Nearly 340 people toured fine examples of how homes and businesses can combine human living and activities with wildlife habitat on Saturday, June 23rd at the annual Camano Island Backyard Wildlife Habitat Garden Tour.Read More
The 2018 Annual Plant Sale is in the record books. Nearly 50,000 plants went out the door and we could not have done it without YOU! Thanks for supporting native plants and better ground! And, volunteers, you rock our world! Thanks!Read More
Bees, bats, and butterflies, oh my! After reviewing hundreds of entries, the winners of the 2018 Native Plant Sale Pollinator Art Contest have been selected! All entries, including the winning pieces, will be on display at our Annual Native Plant Sale held this Saturday, February 10 at the Evergreen Fairgrounds in Monroe. Come out and take a look, peruse the plants for sale, visit educational booths, and vote on your favorite art piece for the People's Choice Award.Read More
This fall we offered an incentive to encourage landowners on Lake Stevens to plant native plants to protect the lake from runoff. Here's a before and after post to show just how pretty and practical doing so can be!Read More
Many people forget about fruit trees when they are planning out their yards, but they should not be overlooked. They are so simple, so rewarding, and so beautiful. They represent our most ancient connection to the bounty of nature. They are fun to work on, soothing to look at, and their personalities are all so different.Read More
Hügelkultur is a German word that means hill or mound. In agriculture and gardening, it means no-dig raised beds constructed from decaying wood debris and other compostable biomass plant materials. They hold moisture, build fertility, maximize surface volume and are great spaces for growing fruit, vegetables and herbs.
Photo credit: www.richsoil.comRead More
The shorter days of autumn inspire us to slow down after a busy summer, but accomplishing a few tasks before the rains set in and the winds start to blow will make winter more pleasant and surprise you with a healthy land and soil-scape next spring.Read More
The Snohomish Conservation District gathered dozens of local volunteers last Thursday behind the Stanwood Camano Village to help restore a bare and degraded landscape right in their own backyard. Volunteers included employees from local businesses, including the YMCA, the Everett Clinic, Port Susan Dental Care, Subway, and Process Solutions.Read More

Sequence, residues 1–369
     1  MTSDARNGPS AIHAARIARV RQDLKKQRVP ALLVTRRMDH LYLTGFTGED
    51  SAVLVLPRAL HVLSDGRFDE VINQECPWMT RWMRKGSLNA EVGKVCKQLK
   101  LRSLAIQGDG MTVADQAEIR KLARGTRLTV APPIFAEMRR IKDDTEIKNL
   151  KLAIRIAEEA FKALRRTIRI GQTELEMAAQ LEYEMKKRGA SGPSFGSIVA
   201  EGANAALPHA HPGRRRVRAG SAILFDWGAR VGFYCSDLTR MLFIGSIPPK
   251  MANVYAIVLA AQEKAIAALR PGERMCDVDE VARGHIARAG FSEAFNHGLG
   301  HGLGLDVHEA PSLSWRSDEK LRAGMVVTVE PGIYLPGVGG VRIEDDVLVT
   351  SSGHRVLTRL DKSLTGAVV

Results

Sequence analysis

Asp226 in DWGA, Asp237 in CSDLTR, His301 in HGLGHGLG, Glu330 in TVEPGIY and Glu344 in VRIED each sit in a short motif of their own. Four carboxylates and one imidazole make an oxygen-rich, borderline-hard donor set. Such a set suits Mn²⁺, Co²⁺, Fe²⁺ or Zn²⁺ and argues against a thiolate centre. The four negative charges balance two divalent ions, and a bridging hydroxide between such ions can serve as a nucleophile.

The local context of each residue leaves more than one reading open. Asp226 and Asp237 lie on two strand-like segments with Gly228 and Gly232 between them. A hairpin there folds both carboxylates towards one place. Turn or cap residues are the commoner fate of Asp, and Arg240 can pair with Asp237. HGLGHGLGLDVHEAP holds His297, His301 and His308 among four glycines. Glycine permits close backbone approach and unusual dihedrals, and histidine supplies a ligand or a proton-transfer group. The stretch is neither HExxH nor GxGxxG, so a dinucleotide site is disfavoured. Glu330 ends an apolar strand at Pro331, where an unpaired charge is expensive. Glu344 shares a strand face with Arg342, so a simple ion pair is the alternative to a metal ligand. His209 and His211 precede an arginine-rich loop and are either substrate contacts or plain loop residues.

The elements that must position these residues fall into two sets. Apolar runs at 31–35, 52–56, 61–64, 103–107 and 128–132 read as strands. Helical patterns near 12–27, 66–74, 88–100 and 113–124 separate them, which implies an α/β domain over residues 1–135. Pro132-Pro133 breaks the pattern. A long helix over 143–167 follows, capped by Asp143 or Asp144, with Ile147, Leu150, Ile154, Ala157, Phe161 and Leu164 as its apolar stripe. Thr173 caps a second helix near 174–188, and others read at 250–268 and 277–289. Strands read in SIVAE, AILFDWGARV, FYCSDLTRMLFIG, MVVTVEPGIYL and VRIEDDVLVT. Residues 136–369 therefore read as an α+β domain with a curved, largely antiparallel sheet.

If you live in Monroe, and commute to I-5 and places beyond, you may see an Arco station along your route on the north side of Highway 2. Next to that Arco station are 8 acres of wetlands that the Snohomish Conservation District is helping to restore through a Department of Ecology grant. It is a unique opportunity to be so close to a major roadway making it highly visible. The hope is that this project site will promote public education, a sense of stewardship and a personal connection to the watershed.Read More
Camano Island residents gathered on June 22nd to learn about Snohomish Conservation District's work with Island County to replace the Kristoferson Creek culverts at Barnum and Russell Roads. The new crossings are designed to allow passage at all times of the year between Triangle Cove and Kristoferson Creek for the different salmonid species, including endangered Chinook salmon and steelhead.
Island County, Snohomish Conservation District, and local residents and salmon recovery citizen volunteers have known about and tried to replace these two fish passage barriers for over 14 years, but funding, differing approaches, and salmon recovery priorities never aligned before now. In the meantime, however, the Kristoferson family and others have worked to improve the habitat conditions and water quality of Kristoferson Creek.
Construction may begin late this summer if permits are approved and suitable construction bids are received. If not, construction will occur in the summer of 2018. One culvert will be constructed at a time to provide for continual, easy access in and out of the neighborhood, and construction activities are expected to last between four and six weeks. No changes in road design are planned. Once completed, endangered juvenile Chinook salmon and steelhead will be able to fully access lower Kristoferson Creek for rearing. Coho and chum salmon will have improved passage to about 1.6 miles of Kristoferson Creek for spawning and rearing.
Questions? Please contact Kristin Marshall, Snohomish Conservation District project manager, at 425-377-7017 or firstname.lastname@example.org. Comments may also be submitted online at snocd.org/kristoferson_comments. Interested parties may receive emailed construction updates by signing up at snocd.org/kristoferson-creek."
The WCC crew wrapped up their planting season on April 27th! A total of 23,976 plants were installed on 24 acres! The plantings occurred on 14 properties from November to April.